What’s the last thing you fried?

I hate to admit it because it sounds so cliché, but the last thing I fried was bacon. My 5-year-old daughter hates everything I cook except bacon. I’m always seeking her approval and I’ll pander to her as much as possible to please her.

Some people think potlikker has some mythical and medicinal powers, is it over hyped?

Not at all! I don’t see it used enough. I’m fascinated by it! Why would you throw it away? We’re so wasteful and we always take that kind of stuff for granted. I could totally see why people think it’s magical.

What’s your quintessential meat and three?

Ah man, that’s a tough one. Well, I’m totally predictable — fried chicken. There’s no question about that. Meat loaf and stewed okra and black-eyed peas and green beans, it’s hard to choose. There are so many great places that serve meat and threes. My all-time meat and three spot is Busy Bee Café, the first time I ate there it was $1.85 a plate. She cooked lunch out of her house, you ate what she cooked, and you loved it. Tim Hontzas down in Birmingham is out of his mind ! Everything is fresh, nothing comes out of a can or freezer. Arnold’s in Nashville is great, and of course when I come to Charleston, I love Bertha’s.

What are your thoughts on chow chow?

The first time I saw chow chow was working at Crook’s Corner. Bill [chef/owner Bill Neal] always had it to garnish the catfish. It’s so varied, I don’t really think there’s a definition on what it is. I like mine sweet, a little spicy, served with pork to cut through the fat and richness.

You mentioned Crook’s Corner — did you learn anything about shrimp and grits from chef Bill?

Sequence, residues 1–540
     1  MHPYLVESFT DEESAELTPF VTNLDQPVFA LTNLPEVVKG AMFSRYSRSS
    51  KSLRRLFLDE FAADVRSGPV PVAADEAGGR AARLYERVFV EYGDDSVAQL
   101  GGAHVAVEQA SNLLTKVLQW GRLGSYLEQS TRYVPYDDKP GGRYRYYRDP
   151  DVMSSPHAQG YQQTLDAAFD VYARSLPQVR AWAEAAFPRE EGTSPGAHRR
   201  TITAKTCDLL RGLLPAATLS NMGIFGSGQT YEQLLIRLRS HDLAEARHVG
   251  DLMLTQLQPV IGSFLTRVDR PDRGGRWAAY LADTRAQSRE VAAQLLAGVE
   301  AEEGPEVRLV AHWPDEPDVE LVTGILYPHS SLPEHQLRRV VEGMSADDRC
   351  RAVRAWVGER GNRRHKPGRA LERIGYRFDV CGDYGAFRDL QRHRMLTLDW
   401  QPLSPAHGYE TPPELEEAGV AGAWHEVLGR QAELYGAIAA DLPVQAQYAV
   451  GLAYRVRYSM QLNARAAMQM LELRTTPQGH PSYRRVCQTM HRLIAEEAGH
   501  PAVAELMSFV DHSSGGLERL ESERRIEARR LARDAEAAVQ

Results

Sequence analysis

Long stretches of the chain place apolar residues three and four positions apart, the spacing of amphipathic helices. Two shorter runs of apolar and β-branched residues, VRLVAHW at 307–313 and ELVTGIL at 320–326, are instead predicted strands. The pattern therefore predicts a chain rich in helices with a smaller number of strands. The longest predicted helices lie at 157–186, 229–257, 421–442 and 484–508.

Hell yeah! I worked for Bill at Crook’s Corner from 1987 to 1989 and can tell you in retrospect, I was completely incapable of realizing the nuances of Bill’s cooking. I was always wanting him to push things further, but he taught me how to showcase the essence and beauty of a dish. Bill taught me, the simpler things were, the better they were. That’s why your grandmother’s recipes were only like four ingredients, it wasn’t augmented with all this bullshit. Working at Crook’s Corner was the first time I ever saw it on a menu, and it wasn’t until around ’95-96 where the popularity rose and it was on every menu in every variation. I took what I’d learned from Bill about shrimp and grits and put it in my back pocket. I never used it while I was in New Orleans or anywhere else, I just sat on it. When I opened City Grocery in 1992, I finally put it on the menu that May. I can say I built City Grocery on the back of shrimp and grits.

Currence plans to open South Carolina’s first Big Bad Breakfast at 456 Meeting St. this fall.

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